Requirements

I used

All this fancy photographic equipment set me back less than 10€, since I already had duct tape and an old inner tube.

The process

This DIY is almost missing the D part - you basically just put the pieces together.

1) Make four (4) rubber thingies (this is the D):

2) Fold the tarp in half, so that is is 185x80cm.

3) Take the rubber thingies, and tie the end that is not folded to the tarp, one in each corner.

4) Take the poles from the tent and stick them in the pockets of the rubber thingies, crossing the poles at the middle of the tarp. [2]

5) Done. There are several ways to attach it to the lightstand. Check photos. [4, 6, 11, 5]

Oh, and don't throw away the rest of the tent: it's perfectly usable, since nothing was modified or destroyed - one just can't use the tent and the lightpanel at the same time.

Other uses

The Lightrpanel is very light and can easily be handheld, so it can for instance be used it as a reflector or a scrim. [14]

If you unfold the tarp, you can double the size of the scrim/reflector, but it's not as rigid, and hard to use as a lightpanel.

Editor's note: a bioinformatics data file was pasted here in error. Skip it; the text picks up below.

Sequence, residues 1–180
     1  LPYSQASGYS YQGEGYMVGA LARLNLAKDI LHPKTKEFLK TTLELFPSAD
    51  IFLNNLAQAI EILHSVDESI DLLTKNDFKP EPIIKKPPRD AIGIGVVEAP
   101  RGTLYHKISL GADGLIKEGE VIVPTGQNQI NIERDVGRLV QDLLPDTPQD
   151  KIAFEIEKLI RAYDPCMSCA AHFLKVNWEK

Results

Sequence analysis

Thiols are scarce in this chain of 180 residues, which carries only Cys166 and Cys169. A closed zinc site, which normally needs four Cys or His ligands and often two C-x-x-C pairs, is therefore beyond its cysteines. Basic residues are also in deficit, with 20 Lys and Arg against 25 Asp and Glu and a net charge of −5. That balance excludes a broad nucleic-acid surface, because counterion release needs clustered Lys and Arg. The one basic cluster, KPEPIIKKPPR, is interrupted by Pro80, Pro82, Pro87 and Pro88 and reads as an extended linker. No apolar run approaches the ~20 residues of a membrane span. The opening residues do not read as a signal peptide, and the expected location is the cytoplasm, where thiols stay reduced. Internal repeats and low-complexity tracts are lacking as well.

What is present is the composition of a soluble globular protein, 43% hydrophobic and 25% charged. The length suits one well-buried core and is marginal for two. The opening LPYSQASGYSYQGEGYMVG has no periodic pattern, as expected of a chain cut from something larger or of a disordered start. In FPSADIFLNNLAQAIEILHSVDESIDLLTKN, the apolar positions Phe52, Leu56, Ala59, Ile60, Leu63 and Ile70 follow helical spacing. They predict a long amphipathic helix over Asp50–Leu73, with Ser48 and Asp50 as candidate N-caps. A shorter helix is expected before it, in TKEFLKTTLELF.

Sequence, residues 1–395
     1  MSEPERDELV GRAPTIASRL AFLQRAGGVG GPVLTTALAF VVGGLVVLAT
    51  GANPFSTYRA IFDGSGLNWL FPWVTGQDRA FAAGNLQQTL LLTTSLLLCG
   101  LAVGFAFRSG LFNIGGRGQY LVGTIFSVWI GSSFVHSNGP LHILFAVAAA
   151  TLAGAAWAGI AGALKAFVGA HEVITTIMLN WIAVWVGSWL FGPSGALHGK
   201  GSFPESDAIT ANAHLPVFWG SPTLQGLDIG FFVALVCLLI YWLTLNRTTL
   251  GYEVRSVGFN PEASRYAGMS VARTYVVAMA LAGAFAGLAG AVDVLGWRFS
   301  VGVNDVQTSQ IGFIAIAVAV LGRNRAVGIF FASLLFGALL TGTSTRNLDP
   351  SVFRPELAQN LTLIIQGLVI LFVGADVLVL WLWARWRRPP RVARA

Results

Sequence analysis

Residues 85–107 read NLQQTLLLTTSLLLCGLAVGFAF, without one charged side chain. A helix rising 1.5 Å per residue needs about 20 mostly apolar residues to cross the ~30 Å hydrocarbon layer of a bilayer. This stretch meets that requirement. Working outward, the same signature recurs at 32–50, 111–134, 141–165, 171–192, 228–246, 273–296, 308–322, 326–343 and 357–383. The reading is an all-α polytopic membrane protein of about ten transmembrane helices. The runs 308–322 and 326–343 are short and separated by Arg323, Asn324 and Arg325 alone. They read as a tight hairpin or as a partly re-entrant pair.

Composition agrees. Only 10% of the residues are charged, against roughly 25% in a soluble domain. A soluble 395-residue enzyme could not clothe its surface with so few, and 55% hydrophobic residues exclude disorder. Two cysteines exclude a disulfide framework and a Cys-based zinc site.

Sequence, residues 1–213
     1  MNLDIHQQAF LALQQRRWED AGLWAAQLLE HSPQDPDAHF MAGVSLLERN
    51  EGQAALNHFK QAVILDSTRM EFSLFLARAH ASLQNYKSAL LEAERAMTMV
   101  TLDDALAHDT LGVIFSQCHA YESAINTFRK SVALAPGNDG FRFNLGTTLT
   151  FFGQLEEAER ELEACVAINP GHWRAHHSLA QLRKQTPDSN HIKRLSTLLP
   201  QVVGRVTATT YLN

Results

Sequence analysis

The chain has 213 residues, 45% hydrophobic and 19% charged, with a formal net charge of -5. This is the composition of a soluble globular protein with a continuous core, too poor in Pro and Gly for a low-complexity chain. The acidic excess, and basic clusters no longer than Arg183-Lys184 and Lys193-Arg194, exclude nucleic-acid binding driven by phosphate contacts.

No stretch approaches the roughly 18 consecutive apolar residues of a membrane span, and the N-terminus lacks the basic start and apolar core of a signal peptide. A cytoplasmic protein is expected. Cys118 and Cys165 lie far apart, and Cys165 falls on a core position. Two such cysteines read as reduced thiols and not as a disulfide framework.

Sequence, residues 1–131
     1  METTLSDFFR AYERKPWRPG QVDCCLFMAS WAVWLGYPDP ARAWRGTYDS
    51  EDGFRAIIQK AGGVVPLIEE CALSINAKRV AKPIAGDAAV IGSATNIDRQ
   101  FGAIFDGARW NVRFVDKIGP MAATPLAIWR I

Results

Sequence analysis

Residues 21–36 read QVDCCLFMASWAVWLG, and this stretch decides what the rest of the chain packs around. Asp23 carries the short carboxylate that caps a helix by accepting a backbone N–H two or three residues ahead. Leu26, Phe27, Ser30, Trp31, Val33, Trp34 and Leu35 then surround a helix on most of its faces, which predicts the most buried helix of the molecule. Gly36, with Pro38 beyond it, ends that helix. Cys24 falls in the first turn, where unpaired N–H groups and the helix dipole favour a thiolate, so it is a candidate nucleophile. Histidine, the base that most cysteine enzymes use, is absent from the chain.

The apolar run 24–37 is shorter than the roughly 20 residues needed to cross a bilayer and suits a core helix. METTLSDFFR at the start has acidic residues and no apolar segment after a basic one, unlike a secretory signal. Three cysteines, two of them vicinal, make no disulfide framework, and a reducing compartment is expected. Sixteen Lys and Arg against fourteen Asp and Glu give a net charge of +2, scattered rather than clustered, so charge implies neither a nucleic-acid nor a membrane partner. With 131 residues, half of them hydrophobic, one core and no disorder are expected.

One could quite easily make a big softbox by attaching a silver material to the sides.

The dimensions of the panel do not have to be as suggested here - you could make more of a striplight for instance.

Improvements

After trying this out with the tarp, I decided that the concept was good enough to break out the sewing machine. The fabric is a little lighter, and takes up less space, than the tarp. The fabric version can be seen from image 7 onward.

Initially I connected the panel to the lightstand using a rubber wire (images 3,4,6), which is vert handy, but using a telescopic rod I could increase the distance between the flash and the panel somewhat, producing a more even lightdistribution.

// Marc